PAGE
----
What’s next?

Is this it then? The staff paper ends with an interesting note on potential further recommendations that may emerge after subsequent meetings on the fundamental concepts included in the draft S1. It’s interesting to look at the observations on interoperability from the ESRS perspective, as the staff noted:

“Following a similar concept to that outlined regarding the benefits for preparers and users of information of using ESRS as a source of guidance in the absence of a specific IFRS Sustainability Disclosure Standard, there would be benefits for those using ESRS when ‘gaps’ could be filled using IFRS Sustainability Disclosure Standards to assist in meeting the objectives of ESRS […] It is proposed by EFRAG that ESRS 1 would note that in developing entity-specific disclosures, consideration should be given to comparability between entities including by considering other disclosure frameworks.”

Using the materials of the ISSB would foster such comparability. In particular, comparability could be fostered in the near term if it were the case that for climate-related disclosures both those using ISSB Standards and those using ESRS (E1) were referred to Appendix B of [draft] S2 as a basis for providing industry-specific information. Industry-specific requirements are an important component of the ISSB Standards and thus utilising this material (even if illustrative initially) emphasises an important feature of the ISSB’s standards.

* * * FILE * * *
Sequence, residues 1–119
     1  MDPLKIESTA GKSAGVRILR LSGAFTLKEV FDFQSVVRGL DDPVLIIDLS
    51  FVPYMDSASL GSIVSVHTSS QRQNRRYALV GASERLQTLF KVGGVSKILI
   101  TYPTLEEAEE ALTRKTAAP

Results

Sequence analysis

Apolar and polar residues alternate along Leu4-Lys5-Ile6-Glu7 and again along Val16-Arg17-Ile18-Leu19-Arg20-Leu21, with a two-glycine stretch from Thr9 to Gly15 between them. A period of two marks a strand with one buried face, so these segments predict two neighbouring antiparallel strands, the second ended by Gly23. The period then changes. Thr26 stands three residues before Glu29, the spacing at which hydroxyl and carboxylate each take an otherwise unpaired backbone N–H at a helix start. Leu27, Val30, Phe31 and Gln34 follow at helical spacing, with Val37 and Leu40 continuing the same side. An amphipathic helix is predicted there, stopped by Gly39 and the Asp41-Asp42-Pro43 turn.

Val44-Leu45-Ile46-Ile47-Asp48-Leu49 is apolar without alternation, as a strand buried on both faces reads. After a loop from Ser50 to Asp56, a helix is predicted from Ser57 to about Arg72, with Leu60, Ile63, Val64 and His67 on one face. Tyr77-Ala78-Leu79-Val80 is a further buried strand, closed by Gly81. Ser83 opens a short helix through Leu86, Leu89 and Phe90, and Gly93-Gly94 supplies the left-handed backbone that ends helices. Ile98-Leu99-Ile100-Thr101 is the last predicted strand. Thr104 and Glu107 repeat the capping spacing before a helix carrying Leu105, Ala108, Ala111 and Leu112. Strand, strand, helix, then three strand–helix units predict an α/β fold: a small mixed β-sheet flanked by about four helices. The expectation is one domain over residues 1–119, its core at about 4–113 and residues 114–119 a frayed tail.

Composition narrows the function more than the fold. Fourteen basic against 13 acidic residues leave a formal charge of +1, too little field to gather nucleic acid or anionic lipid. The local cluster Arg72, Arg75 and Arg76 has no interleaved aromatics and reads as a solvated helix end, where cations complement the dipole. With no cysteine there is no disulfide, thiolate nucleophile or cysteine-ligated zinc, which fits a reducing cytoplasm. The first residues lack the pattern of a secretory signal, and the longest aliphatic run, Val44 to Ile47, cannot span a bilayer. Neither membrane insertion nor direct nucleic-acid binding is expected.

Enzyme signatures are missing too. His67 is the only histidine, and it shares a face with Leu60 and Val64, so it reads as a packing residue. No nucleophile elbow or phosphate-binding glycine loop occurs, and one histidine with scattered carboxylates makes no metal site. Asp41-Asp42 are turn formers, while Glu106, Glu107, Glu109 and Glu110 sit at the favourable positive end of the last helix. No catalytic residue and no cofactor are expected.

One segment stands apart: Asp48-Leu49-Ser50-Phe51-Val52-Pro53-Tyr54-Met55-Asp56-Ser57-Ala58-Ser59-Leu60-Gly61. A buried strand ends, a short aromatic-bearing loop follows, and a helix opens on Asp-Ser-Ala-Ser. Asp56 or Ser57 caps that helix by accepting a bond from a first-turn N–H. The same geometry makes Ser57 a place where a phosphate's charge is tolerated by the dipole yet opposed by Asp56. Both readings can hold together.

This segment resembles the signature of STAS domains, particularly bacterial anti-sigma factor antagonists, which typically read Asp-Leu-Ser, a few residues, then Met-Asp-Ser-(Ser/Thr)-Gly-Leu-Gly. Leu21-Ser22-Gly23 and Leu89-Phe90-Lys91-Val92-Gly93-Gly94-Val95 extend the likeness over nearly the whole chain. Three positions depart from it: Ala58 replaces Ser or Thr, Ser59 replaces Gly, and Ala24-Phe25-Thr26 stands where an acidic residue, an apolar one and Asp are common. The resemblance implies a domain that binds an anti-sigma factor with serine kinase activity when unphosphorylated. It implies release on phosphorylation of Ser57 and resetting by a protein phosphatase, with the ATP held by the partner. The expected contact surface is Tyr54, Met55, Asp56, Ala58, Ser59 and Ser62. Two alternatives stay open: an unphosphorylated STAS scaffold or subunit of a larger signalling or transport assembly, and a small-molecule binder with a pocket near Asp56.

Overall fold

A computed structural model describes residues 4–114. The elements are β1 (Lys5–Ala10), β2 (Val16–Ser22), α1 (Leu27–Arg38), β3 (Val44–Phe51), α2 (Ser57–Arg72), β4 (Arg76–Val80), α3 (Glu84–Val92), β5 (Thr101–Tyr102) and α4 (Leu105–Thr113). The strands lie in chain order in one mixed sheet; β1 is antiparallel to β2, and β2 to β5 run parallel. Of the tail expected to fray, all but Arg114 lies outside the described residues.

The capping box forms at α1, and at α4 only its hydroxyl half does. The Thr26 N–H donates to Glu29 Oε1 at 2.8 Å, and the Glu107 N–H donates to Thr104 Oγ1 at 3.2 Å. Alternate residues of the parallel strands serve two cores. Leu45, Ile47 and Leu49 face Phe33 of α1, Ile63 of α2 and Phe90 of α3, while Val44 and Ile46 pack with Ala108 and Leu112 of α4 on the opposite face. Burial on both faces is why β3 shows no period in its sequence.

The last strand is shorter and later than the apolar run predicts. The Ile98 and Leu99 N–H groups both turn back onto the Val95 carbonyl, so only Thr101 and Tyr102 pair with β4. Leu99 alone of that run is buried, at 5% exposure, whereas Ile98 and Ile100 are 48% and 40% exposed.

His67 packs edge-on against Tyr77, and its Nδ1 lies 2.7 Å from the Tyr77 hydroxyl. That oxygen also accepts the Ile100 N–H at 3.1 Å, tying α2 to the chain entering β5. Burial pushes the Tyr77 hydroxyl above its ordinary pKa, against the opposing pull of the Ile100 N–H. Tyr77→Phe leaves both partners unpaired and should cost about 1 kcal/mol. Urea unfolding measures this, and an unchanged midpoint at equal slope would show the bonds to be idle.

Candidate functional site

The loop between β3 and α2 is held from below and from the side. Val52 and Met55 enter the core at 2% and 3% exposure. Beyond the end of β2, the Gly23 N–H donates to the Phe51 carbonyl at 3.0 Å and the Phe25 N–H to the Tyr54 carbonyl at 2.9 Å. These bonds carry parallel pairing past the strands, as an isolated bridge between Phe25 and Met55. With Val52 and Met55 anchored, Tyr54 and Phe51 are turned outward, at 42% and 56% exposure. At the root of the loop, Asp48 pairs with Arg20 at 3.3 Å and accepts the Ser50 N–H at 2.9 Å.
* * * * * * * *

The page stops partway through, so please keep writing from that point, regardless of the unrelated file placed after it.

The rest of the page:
The inclusion of such a reference within ESRS would provide a similar role to the proposals set out in this paper with regard to ESRS in that the ISSB’s materials would be relevant in the absence of a specific ESRS requirement and to the extent it assists in meeting the objectives of ESRS requirements. This approach would result in the ISSB adopting similar methods to assist in providing interoperability.

The last sentence sounds like a pragmatic and beneficial quid pro quo.

Interoperability essentially means standards coming together as a mosaic to fill each other’s gaps. It’s a solid starting point, as it can drive comprehensive and consistent standards faster. And it may open doors for further and deeper interoperability - other interesting staff papers - like this one - look specifically at aligning language and clarifying concepts to make sure their meaning is harmonized across other standards, frameworks and recommendations like TCFD. Deliberations like the decision to include Scope 3 emissions are also a reflection of the efforts to achieve interoperability.

In a recent webinar organized for The Good Governance Academy's 8th Colloquium, an interesting interoperability table for corresponding standards (i.e. standards regarding sustainability issues covered both by IFRS and ISSB) was presented. The goal is to maximize the standards in column B and minimize those in columns A and C:

Aligning disclosure requirements:

Column A

Column B

Column C

Disclosures only for ISSB

Disclosures relevant to both ISSB & ESRS

Disclosures only for ESRS

For now, it is promising to see that interoperability is finally more than simply standard-setting jargon.

While ISSB has confirmed the presence of SASB and CDSB as sources of guidance, a deliberation on GRI and ESRS is still pending. With reports pointing to increased activity on the interoperability front, and the announcement IFRS made today at COP27, would it be too ambitious to hope for a major breakthrough soon?